In the left foreground of this picture stems of willow, pressed into the soil, have sprouted. Others, equally apparently rooted, provide arches such as that further back on the left, through which a visitor has walked.

Pilley Cottage Garden 2

Pilley Cottage Garden 4

We were pleased to note so many people viewing on what was quite a cold day.

Pilley Cottage Garden 3

The couple in the centre of this shot have just crossed a bridge conveniently laid over a potentially boggy area. The lines seen in the foreground are placed to deter visitors from venturing onto other muddy patches.

On the right of the next photograph can be seen a pergola made of live willow.

Pilley Cottage Garden 5Pilley Cottage Garden 6Pilley Cottage Garden 7Pilley Cottage Garden 8Pilley Cottage Garden 9

The hilly nature of the plot offered intriguing views on different, terraced, levels.

Logs

Strategically placed sawn logs weathered beautifully in the beds, providing homes for flora such as ferns, and no doubt fauna.

Shed

Even the shed was an attraction.

Mirror feature

A gate at the top of the slope opened onto a deceptive arch. Can you see the trick? This photograph contains one of the many examples of fascinating pottery,

Chess set

such as this abandoned game of chess,

Elephant succulents

or this ring of elephants bearing succulents,

Pilley Cottage Garden 10

bounded by little globed boxes,

Jackie in Pilley Cottage Garden

within the circumference of which Jackie contemplated the layout,

Pilley Cottage and garden

before we wandered up to the house for tea, and, of course, the purchase of two plants.

We considered this trip an excellent way to brighten a dull day.

This evening we dined on Jackie’s luscious liver and bacon casserole, crisp potato wedges, carrots, cauliflower, and broccoli. I finished the Costieres de Nimes.

Before And After: Through To The Front

Although much better than I had been a couple of days ago, I was pretty washed out today, and spent much of it on the sofa.

Having, in the interests of producing something half-way reasonable, deferred setting out on this post until 6.00 p.m., I was unable to Access WordPress. I am not normally asked for my password, but this time I was. It was rejected. I was invited to choose another. I needed to enter a code that would be sent to me. I patiently waited for one. I received an e-mail containing a blue box saying Reset Password. I clicked on it. I got no further until I realised that my mobile phone in another room was receiving texts. Sure enough they had sent me a text. There were now two messages, each with a different number. I tried one. It didn’t work. So I tried the other one. That did. I put my usual password in. I was told I couldn’t use it because I had done so recently. I invented a new one. That worked.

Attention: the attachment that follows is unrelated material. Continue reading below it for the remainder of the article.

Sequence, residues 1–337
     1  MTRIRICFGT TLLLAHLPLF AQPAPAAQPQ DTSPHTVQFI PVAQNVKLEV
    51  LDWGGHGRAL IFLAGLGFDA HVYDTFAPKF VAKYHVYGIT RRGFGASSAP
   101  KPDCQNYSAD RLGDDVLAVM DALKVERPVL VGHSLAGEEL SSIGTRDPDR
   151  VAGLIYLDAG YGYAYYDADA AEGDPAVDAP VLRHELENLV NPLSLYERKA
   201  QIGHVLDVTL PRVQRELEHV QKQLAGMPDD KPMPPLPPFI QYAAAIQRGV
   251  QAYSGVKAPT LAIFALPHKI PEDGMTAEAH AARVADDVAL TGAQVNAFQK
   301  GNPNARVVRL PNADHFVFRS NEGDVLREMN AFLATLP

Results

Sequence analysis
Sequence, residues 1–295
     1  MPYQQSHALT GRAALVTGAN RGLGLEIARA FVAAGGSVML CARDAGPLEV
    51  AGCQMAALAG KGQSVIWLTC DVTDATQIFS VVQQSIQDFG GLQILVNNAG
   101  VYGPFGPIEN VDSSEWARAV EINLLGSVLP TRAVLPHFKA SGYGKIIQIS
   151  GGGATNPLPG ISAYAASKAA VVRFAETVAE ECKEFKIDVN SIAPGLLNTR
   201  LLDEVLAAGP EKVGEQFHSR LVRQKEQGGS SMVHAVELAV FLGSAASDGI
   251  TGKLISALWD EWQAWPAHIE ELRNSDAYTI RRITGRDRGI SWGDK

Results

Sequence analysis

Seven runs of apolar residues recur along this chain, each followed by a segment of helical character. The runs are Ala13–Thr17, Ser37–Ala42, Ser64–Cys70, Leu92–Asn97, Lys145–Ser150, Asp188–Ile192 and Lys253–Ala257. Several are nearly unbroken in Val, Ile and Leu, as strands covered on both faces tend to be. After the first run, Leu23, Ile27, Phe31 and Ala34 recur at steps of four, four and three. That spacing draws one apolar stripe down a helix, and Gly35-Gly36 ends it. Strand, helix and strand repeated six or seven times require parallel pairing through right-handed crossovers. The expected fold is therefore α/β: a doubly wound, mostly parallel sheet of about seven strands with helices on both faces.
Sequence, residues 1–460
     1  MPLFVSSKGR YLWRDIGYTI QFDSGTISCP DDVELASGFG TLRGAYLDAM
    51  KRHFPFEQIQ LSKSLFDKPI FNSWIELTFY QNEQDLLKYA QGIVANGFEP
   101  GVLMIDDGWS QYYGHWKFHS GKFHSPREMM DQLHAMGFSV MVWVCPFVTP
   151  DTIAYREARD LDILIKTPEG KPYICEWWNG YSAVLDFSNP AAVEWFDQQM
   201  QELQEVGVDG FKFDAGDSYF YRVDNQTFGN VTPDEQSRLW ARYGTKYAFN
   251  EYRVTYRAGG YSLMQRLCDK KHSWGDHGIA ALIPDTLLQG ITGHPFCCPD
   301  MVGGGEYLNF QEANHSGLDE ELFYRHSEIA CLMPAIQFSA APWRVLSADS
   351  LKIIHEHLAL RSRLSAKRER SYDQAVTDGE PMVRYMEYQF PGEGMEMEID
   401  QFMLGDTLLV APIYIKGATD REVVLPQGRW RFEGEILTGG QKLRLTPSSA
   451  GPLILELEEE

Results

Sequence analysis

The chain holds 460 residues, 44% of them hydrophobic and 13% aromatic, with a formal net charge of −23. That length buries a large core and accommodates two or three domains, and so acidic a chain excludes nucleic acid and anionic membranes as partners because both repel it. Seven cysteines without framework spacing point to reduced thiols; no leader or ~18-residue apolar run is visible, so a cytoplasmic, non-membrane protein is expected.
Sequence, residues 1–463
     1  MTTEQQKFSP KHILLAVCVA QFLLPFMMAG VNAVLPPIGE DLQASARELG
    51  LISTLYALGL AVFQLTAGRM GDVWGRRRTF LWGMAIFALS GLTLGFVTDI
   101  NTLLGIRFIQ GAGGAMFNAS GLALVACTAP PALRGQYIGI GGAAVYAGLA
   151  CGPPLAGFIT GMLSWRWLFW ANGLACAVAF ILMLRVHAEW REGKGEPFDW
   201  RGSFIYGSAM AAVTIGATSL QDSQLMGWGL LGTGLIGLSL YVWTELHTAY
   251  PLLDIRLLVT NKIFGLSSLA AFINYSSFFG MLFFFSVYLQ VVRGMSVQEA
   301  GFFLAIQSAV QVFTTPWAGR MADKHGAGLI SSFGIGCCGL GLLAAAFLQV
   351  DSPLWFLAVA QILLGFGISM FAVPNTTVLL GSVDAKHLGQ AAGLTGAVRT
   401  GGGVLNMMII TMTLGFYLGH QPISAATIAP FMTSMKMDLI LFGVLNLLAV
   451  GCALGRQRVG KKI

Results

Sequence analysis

As if my head wasn’t muzzy enough already.

Anyway, here goes with the next section of The Downton Garden story.

Apart from the removal of much of the encroaching ivy and lonicera, the front garden had very much played second fiddle to the back until February 2015.

Front garden

This is what it looked like on the morning of 24th February;

Front garden

and later in the day.

Although there were edging stones lining the bed outside the front of the house, there was no defined path on the other side. Everything was mixture of gravel and soil.

Front path

By 11th March, I had marked out an acceptable curve;

Cuttings on path

and a couple of days later, after a bit more forestry on our left hand side,

lined path at front 1

foraged around the back garden for suitable stone with which to line it.

Lonicera by patio

This, however, did not lead anywhere accessible. To the right of this photograph, taken on 26th June 2014, is a trellis, one of three which had been used to block the side gate, that  appeared to be firmly fixed.

Side gateCold Frame

Gravel path front garden

By the time we decided to build a cold frame to place around the side of the house, The blockage had to go. Aaron, on 13th September 2015, freed the gate. The post, of course, was the usual ramshackle affair, and our friend had to set another one. The frame was in situ on 27th, and three days later I had widened the narrow gravel path.

Jackie has completed planting in this garden, but I haven’t been outside to photograph it. Perhaps I will do so tomorrow.

This evening we dined on fish and chips. Jackie also had gherkins. My portion was not very large.